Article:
One of the more interesting leisure air-travel stories recently has been the growth of Allegiant Air, the Las Vegas based airline that carves out underserved leisure routes and flies them a little like a commercial carrier and a little like a charter that specializes in package deals with hotels and other services.
Allegiant said today is plans to buy six 757-200s to expand its leisure travel strategy into Hawaii, starting in the fourth quarter of this year with two deliveries.
Another 757-200 will be delivered in November, and a fourth one next January, Allegiant said. The remaining two will be delivered in the fourth quarter of 2011.
Allegient said it is buying the 757s specifically to fly to and from Hawaii, which it can not now serve with its existing fleet of 46 MD-80s.
The company CEO Maurice J. Gallagher Jr. suggested that Allegient's model will be to package land promotions, like hotel deals, with air travel in the languishing Hawaii market, which has lost significanty air service in recent years because it's a stubbornlyu low-fare market that's expensive to serve.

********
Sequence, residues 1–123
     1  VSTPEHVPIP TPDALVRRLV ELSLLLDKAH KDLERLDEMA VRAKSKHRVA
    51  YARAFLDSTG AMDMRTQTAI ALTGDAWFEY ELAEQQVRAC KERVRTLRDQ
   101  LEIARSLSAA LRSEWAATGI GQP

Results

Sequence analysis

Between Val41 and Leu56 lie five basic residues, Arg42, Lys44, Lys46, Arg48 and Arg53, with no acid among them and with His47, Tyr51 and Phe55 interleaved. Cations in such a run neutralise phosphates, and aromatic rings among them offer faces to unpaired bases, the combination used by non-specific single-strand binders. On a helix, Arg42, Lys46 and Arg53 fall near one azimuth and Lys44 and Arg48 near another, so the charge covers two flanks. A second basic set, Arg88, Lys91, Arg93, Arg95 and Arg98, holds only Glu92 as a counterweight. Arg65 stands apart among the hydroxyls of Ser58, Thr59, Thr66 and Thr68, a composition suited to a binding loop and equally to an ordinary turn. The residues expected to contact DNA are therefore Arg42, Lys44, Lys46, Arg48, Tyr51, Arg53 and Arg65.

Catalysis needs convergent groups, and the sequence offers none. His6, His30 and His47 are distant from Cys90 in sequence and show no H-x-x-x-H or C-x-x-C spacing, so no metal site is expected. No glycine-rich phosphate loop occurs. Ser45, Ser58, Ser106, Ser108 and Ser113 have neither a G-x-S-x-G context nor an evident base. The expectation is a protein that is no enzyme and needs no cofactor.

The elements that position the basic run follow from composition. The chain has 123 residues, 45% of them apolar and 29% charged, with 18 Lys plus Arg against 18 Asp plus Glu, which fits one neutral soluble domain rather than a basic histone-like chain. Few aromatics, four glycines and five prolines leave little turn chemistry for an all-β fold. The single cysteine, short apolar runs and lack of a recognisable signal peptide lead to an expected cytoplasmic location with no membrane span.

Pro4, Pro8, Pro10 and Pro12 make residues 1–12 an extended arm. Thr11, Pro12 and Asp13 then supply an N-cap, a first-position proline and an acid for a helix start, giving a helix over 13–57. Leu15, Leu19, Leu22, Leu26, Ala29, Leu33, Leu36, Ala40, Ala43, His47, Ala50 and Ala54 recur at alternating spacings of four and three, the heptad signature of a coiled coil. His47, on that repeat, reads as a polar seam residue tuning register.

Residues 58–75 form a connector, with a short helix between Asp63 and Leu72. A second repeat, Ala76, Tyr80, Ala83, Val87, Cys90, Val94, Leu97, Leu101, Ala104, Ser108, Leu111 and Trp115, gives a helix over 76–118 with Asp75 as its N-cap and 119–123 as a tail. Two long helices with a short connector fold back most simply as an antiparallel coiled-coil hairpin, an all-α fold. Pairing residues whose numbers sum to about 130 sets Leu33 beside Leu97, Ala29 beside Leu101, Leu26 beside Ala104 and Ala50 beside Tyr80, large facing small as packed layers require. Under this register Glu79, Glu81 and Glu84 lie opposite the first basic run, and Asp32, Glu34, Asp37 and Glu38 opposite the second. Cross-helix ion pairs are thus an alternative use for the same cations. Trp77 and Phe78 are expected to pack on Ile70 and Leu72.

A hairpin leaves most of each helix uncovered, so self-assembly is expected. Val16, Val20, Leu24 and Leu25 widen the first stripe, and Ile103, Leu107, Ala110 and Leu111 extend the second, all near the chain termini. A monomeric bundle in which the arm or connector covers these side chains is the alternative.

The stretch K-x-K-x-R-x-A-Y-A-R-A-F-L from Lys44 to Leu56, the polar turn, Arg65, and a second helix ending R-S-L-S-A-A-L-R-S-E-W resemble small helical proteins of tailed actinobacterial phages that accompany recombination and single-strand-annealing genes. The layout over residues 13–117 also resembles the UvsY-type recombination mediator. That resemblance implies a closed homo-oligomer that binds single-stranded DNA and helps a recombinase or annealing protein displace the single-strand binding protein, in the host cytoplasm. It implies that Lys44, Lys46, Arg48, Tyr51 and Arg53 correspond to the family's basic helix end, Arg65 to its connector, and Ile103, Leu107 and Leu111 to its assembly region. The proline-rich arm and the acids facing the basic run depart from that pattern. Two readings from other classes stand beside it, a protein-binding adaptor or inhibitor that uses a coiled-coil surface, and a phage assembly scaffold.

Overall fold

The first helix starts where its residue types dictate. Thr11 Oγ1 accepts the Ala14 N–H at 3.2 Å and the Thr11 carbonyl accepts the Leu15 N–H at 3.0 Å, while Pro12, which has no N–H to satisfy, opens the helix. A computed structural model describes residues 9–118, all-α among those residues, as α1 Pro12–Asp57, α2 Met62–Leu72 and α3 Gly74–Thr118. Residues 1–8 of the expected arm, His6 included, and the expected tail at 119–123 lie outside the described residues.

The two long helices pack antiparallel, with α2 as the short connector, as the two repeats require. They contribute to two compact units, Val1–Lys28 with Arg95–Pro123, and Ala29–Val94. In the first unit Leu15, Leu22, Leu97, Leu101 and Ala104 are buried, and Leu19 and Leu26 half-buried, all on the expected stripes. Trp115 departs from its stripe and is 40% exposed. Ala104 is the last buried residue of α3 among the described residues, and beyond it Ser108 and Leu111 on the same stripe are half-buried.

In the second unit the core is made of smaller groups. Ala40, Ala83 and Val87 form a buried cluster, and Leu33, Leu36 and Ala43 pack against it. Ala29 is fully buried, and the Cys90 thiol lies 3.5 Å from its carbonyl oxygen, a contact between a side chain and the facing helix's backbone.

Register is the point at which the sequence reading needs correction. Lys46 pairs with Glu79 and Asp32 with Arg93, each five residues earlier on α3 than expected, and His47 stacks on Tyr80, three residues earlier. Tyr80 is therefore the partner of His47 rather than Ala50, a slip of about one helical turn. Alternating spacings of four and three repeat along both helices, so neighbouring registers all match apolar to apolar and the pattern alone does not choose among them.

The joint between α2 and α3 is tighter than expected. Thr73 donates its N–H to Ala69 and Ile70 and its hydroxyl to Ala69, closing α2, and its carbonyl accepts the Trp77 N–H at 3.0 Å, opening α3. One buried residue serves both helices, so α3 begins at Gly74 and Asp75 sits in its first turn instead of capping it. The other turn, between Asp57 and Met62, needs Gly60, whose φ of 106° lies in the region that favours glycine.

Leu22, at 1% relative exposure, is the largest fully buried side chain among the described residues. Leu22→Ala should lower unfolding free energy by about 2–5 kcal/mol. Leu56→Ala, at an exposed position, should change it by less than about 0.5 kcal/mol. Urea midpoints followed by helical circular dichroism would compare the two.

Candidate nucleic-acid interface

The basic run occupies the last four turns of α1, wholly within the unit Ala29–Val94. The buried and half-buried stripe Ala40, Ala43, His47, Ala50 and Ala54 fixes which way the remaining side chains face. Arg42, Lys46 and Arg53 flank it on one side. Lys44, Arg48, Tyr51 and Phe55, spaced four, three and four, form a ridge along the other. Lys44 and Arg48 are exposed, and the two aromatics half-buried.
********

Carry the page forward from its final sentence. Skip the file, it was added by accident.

In a statement, Gallagher said: "Hawaii is the most prominent U.S. leisure destination currently un-served by Allegiant, and our small-city customers have been requesting this service. We are very optimistic about our ability to exploit the large third-party ancillary revenue opportunity we believe exists in Hawaii. We expect the sale of hotels, rental cars, and many attraction and activities popular with Hawaii visitors will provide a very meaningful contribution to the success of the service."
He added, "This transaction will enable Allegiant to extend to Hawaii its strategy of serving large leisure destinations from smaller cities [that have] no existing nonstop service."
Allegiant's successful strategy has been to travelers in small cities with diminishing major-carrier service to big, traditionally low-fare leisure destinations such as Las Vegas, Phoenix, Los Angeles, Orlando, Tampa/St. Petersburg, and Fort Lauderdale.